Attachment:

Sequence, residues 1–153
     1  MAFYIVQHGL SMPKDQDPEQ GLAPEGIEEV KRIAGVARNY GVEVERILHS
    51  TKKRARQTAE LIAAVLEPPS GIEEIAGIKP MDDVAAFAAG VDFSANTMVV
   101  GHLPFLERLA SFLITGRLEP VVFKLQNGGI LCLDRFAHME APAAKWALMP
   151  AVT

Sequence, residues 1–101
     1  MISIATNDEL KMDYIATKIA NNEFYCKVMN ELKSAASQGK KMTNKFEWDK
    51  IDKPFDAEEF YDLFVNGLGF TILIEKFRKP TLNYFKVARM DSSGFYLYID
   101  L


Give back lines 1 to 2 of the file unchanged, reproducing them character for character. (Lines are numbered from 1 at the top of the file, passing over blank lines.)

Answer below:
Sequence, residues 1–153
     1  MAFYIVQHGL SMPKDQDPEQ GLAPEGIEEV KRIAGVARNY GVEVERILHS